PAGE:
APS Journal April 2017
J ournal of the A merican P omological S ociety
Journal of the American Pomological Society 71(2): 114-118 2017
The Effect of Heat Stress on the Reproductive Structures of Peach S. C arpenedo 1 , M.C.B. R aseira 1,3 , D.H. B yrne 2 , and R.C. F ranzon 1 Additional index words: Prunus persica , pollen, pistil, blooming, high temperature Abstract As in other areas of the world, global warming is also a reality in Southern Brazil, where the occurrence of temperatures above 25°C prior to blooming is becoming common, which is detrimental to the production of tem- perate climate fruit species. The aim of this work was to evaluate the effect of 30°C, during blooming, on pistil length, pollen number and viability of peach genotypes. Different genotypes as well as male and female parts of the flowers, responded differently to temperature. Among the assayed genotypes, ‘BR1’, ‘Chimarrita’, ‘Tropic Beauty’ and ‘Atenas’ showed higher tolerance to the high temperature condition.
especially those above 25°C, before and dur- ing bloom can cause poor fruit set and low productivity. Studies involving sexual reproduction are difficult because gamete development and fertilization are complex processes that oc- cur in a short period of time and are mostly hidden by flower tissues (Zinn and Harper, 2010). Nevertheless, it is important to under- stand the effect of temperature on the repro- ductive phase of peach, since maximum tem- peratures above 25°C during the pre-flower- ing and flowering phases have been observed in peach production areas of Brazil. The objective of this study was to evaluate the effect of two different temperatures dur- ing the pre-flowering stage on pistil length, number of pollen grains per anther (NPGA), and pollen viability in different peach geno- types. Materials and Methods The experiment was carried out over a three-year period (2011, 2012 and 2014) at Embrapa Clima Temperado, Pelotas, Rio Grande do Sul, Brazil (2013 was not includ- ed due to data loss). Twelve peach genotypes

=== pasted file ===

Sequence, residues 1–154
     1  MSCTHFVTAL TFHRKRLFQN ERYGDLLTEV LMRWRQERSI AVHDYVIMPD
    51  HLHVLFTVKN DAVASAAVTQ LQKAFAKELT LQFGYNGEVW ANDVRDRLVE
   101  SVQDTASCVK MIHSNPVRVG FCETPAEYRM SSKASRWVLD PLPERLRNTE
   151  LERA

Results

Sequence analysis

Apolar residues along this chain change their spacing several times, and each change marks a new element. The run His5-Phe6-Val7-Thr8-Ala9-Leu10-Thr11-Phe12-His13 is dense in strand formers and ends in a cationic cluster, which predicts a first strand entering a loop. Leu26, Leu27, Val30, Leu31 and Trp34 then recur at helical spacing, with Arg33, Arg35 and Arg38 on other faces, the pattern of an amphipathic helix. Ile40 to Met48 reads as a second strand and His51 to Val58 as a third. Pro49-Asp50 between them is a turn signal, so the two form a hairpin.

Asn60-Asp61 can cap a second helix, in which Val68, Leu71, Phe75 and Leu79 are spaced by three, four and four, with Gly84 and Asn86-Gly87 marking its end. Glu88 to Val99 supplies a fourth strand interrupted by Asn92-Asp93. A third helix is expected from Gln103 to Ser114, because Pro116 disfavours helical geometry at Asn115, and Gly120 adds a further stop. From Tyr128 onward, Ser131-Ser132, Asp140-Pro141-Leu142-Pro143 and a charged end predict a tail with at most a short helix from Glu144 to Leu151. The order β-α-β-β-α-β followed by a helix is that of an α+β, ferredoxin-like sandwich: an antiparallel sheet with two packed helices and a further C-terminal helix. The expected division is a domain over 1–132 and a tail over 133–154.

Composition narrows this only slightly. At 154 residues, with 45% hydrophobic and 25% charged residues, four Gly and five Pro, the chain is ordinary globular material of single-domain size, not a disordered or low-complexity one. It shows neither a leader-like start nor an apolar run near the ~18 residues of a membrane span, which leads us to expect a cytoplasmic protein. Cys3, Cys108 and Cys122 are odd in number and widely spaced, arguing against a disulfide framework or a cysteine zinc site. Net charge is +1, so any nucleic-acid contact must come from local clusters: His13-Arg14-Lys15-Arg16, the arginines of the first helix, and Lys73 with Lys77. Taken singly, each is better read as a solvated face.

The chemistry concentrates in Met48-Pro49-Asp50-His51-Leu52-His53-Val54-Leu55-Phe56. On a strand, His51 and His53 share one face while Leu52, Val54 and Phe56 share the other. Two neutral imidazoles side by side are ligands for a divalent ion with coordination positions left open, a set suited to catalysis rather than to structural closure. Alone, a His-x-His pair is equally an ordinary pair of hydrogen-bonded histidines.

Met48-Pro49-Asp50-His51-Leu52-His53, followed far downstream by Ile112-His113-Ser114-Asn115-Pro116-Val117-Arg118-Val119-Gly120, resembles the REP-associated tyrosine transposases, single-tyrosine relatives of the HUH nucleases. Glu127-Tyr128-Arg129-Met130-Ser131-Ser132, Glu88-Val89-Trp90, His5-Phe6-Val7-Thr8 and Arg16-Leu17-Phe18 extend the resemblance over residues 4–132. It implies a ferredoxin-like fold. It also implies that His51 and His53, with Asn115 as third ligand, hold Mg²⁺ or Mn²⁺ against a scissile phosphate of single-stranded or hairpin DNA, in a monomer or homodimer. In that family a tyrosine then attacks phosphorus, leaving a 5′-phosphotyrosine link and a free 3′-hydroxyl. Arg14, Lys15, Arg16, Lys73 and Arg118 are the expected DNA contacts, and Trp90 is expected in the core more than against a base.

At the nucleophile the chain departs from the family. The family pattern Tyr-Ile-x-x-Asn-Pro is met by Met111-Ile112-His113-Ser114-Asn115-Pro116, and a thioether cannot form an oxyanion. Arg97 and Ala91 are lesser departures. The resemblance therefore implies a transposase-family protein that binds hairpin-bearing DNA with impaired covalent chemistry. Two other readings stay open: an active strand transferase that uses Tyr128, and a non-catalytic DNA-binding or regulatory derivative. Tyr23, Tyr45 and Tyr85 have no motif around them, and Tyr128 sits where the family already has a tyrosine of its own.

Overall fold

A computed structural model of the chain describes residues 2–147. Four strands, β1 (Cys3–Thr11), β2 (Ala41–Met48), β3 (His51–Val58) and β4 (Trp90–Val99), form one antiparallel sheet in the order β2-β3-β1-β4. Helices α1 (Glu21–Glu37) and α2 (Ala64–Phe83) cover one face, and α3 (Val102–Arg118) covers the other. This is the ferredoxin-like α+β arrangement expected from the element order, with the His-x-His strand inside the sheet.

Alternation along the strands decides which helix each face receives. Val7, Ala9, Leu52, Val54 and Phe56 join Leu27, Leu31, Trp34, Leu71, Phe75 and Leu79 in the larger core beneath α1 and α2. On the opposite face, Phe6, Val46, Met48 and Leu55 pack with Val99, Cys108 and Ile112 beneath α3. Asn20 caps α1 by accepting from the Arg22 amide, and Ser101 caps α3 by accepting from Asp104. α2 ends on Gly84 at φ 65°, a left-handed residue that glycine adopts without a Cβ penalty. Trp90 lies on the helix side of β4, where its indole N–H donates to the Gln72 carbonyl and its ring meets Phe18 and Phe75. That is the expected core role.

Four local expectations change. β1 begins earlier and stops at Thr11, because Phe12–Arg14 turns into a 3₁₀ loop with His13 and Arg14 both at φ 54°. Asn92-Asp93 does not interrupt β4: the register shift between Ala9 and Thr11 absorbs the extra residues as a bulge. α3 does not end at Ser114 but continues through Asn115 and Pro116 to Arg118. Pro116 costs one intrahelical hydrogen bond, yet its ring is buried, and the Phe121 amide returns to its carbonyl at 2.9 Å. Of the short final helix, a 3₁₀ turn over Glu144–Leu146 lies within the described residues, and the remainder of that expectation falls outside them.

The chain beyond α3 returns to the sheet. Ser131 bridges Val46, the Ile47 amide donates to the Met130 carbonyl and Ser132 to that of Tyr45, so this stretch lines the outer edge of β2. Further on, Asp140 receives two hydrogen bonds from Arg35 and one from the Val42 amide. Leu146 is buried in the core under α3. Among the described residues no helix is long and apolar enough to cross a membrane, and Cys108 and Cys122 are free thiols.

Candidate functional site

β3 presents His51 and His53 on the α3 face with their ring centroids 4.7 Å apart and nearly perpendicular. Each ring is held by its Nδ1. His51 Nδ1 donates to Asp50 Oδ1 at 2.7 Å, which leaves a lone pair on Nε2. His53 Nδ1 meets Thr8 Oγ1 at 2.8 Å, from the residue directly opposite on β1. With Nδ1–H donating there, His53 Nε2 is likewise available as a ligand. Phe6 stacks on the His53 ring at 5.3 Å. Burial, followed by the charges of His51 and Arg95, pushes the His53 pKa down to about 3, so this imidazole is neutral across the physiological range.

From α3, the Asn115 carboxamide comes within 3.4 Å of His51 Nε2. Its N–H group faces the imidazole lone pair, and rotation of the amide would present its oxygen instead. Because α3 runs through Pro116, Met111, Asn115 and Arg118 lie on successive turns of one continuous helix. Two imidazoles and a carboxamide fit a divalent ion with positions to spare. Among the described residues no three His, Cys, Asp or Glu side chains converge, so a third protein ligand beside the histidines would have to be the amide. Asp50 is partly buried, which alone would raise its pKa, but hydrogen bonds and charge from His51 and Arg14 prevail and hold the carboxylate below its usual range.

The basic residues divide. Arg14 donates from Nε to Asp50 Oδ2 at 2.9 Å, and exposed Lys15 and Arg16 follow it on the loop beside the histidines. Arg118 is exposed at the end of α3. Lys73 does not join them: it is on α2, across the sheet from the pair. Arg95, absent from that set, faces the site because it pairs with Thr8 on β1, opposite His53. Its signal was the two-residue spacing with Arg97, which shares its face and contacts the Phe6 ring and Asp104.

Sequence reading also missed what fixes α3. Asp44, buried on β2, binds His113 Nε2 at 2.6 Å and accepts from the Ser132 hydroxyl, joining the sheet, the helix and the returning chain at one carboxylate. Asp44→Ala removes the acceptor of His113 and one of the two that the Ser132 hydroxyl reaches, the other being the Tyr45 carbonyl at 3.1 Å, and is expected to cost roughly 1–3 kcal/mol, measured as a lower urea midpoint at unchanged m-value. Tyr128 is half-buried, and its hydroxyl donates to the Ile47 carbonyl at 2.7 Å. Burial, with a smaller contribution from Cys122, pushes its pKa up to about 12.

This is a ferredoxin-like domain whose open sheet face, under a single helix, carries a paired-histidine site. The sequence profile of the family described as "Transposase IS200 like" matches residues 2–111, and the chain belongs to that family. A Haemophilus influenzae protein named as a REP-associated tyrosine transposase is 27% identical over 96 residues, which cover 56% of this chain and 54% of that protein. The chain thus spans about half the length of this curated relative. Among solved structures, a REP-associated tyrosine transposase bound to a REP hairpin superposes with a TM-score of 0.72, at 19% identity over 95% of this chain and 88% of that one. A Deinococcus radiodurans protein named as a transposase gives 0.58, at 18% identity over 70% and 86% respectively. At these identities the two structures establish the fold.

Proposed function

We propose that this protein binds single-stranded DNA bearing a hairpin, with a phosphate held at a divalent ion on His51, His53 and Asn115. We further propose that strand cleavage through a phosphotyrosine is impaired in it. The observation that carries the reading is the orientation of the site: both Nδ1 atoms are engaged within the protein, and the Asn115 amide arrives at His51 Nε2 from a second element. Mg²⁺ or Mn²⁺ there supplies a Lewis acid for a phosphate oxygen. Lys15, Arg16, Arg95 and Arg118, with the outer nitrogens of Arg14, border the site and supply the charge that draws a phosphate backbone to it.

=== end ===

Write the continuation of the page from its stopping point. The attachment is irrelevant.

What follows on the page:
In warm geographic zones, high tem- perature is the main environmental stress that limits growth, metabolism, and plant productivity worldwide (Hasanuzzaman et al., 2013). The most sensitive phase of plant development to extreme temperatures that dramatically affects the productivity of grains, vegetables and fruit crops is the flow- ering stage. As the flower is the organ that develops into a fruit, abiotic stress affects its capacity for fruit and seed production, lead- ing to productivity loss (Hedhly, 2011). Very low temperatures during winter can damage buds by freezing, while high temperatures during pre-flowering and flowering leads to poor flower quality, a shortened flowering period and reduced effective pollination pe- riod (Hedhly et al., 2005). Poor fruit set is a serious problem for peach production under tropical and subtropical climatic conditions mainly due to warm temperatures during dor- mancy and bloom (Kozai et al., 2004). The reduced number of chilling hours associated with mild winter conditions, results in abnor- mal shoot growth patterns and poor plant de- velopment of temperate climate fruit trees in these regions. In addition, high temperatures,
1 Embrapa Clima Temperado, BR 392, Km 78, Caixa Postal 403, CEP 96010-971 Pelotas, RS, Brazil 2 Texas A&M University, Department of Horticultural Sciences, College Station, TX, USA 3 Corresponding author, Email: email@example.com * The authors acknowledge the CNPq and Capes financial support.
Made with FlippingBook